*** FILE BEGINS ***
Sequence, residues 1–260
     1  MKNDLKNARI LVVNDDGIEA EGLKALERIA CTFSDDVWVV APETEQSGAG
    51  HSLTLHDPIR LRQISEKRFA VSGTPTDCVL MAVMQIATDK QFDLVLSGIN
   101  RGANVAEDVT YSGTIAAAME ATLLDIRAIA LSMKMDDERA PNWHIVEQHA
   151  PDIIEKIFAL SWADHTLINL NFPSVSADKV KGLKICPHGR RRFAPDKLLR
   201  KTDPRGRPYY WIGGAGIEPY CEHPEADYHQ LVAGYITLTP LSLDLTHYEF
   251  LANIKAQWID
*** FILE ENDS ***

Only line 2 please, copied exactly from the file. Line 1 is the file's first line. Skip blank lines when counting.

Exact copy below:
     1  MKNDLKNARI LVVNDDGIEA EGLKALERIA CTFSDDVWVV APETEQSGAG